The intermediate relay goddesses will connect into the relay hose using a nurse valve and a 45-degree bend.

The final relay goddess will connect to the nurse valve, and run out 4 delivery hoses which connect to the collecting head (either on the base of the pipe-bridge riser, or on a single length of 6-inch.

The delivery goddess will run out 4 delivery hoses, each to a ground monitor pointing towards the tower.

The OIC will despatch the motorcycle who will start at the final relay goddess and check that they are ready. This means all connections made, pump engaged and engine running at tickover. The motorbike will wait by any vehicle that is not ready before proceeding. On establishing that all vehicles are ready, the OIC, who will be near the base pump when the rider arrives, will then give the water on signal to the base pump operator, who will prime his pump, and run at low revs as the water fills the lines. As soon as water has passed the final pump, he will raise the pressure (and hence the flow rate). Maximum flow will be reached when all pumps are running at 3000 rpm.

As soon as water is circulating the relay, the delivery goddess can prime, and following ‘water on’ from the OIC, can deliver water to the fireground.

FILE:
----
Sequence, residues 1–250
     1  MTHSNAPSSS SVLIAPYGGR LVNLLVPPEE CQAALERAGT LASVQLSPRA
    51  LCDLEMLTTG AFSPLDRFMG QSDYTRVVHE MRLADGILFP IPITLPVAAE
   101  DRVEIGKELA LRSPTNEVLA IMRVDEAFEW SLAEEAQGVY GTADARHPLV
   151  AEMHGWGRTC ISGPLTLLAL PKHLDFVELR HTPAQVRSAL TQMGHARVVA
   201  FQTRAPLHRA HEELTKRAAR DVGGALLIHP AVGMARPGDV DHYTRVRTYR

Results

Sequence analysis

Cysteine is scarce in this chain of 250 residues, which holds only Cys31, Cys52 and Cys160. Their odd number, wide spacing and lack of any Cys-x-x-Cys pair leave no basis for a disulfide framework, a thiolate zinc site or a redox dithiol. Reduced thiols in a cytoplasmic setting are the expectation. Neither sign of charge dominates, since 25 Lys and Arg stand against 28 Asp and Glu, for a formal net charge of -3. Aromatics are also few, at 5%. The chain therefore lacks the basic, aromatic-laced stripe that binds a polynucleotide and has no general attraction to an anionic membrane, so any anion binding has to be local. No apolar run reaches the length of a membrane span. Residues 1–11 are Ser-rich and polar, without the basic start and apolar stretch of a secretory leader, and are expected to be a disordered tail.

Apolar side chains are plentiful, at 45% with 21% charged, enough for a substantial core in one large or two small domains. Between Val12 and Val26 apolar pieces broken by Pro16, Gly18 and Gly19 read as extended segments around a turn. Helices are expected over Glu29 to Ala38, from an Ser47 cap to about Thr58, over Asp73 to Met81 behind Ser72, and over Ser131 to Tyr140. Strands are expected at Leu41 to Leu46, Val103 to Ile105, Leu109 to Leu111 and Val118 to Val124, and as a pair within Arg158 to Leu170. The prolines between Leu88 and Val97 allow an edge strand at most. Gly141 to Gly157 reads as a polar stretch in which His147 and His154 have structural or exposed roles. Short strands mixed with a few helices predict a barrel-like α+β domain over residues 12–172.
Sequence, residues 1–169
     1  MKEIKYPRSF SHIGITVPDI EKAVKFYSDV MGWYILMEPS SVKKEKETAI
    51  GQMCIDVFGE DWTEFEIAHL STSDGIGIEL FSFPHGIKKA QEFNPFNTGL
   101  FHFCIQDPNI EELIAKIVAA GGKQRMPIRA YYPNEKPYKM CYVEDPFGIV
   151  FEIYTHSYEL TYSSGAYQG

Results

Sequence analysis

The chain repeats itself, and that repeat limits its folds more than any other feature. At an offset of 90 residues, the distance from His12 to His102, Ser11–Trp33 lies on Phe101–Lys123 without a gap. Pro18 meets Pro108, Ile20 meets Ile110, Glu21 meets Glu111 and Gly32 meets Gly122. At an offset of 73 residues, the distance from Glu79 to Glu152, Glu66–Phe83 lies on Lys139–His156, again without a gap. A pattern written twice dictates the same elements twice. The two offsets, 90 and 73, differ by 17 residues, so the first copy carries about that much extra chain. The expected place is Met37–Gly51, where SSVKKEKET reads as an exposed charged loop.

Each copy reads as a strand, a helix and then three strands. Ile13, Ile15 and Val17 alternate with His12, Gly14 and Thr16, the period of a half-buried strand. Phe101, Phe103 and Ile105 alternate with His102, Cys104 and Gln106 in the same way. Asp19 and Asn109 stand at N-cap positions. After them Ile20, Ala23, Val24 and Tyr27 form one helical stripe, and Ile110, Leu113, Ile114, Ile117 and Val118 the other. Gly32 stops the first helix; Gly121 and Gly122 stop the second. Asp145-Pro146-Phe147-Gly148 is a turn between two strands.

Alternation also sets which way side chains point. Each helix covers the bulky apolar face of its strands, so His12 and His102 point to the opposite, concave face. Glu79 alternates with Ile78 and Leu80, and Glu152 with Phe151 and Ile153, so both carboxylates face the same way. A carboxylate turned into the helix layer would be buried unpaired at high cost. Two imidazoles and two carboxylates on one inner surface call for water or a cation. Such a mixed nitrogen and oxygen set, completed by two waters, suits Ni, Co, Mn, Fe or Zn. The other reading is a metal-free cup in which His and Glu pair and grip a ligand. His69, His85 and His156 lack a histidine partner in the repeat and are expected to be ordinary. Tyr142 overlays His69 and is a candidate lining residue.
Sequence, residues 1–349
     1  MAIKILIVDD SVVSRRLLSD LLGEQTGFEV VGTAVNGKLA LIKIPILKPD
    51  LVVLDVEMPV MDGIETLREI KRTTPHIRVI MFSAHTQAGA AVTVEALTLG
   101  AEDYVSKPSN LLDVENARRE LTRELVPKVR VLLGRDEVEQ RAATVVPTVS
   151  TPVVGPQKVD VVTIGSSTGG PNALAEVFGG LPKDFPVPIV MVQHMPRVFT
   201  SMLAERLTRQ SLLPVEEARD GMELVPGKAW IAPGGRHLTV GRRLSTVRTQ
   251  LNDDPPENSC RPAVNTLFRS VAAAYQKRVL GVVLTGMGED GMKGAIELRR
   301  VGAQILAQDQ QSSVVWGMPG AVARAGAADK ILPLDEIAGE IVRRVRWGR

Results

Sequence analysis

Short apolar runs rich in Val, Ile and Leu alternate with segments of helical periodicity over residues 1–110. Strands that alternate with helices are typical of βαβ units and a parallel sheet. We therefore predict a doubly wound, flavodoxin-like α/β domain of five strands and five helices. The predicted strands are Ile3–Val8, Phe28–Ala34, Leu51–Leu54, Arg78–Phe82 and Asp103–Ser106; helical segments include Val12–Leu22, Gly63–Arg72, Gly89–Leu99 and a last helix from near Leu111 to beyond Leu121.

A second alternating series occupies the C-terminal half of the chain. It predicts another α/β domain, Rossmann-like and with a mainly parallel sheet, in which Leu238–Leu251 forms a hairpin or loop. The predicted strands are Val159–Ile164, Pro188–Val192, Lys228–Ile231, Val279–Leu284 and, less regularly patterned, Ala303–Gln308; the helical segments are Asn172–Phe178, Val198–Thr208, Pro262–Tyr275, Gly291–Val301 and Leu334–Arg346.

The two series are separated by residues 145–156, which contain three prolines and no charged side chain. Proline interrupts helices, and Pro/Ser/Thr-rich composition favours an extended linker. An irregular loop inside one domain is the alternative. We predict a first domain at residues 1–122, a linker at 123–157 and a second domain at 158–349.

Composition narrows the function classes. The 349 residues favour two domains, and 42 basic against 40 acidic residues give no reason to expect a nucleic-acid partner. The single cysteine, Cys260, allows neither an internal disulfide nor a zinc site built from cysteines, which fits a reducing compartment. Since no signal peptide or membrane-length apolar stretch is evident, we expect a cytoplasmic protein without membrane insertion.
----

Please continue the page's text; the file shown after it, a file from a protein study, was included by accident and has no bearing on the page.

When ‘water off’ is given, it is given to the base pump. As each goddess stops receiving water, the inlet hose will collapse, and the engine knocked back to tickover. On the ‘Make Up’ signal, the hoses are disconnected and rolled, ready for collection by the RL. As the RL continues, the goddess will follow behind, till eventually all the goddesses are behind. As the convoy passes the non-operational vehicles, they tack on behind. Following a lap (or two) of the arena, the entire convoy leaves.



Each relay goddess should park with the joint in the hose directly in line with the outlet, and ideally with the wheels within 6” of the hose

It is not possible to prime the base pump in advance, as there is no valve on the 6-inch delivery. It will pump a substantial amount of water even on tickover.

As soon as a goddess is parked, the driver should engage the pump PTO, put the 2WD/4WD gear into neutral, and select 4th gear. The engine should be started.

The base pump controls the flow rate round the relay. All other pumps should adjust their revs until the inlet hose is still packed, but no water comes out of the nurse valve.

Assembling the victualic ring onto pipe or hose ends is much easier if they are lubricated with soapy water. Each goddess should carry a bucket with 2cm of water in the bottom, with a good squirt of washing-up liquid in it.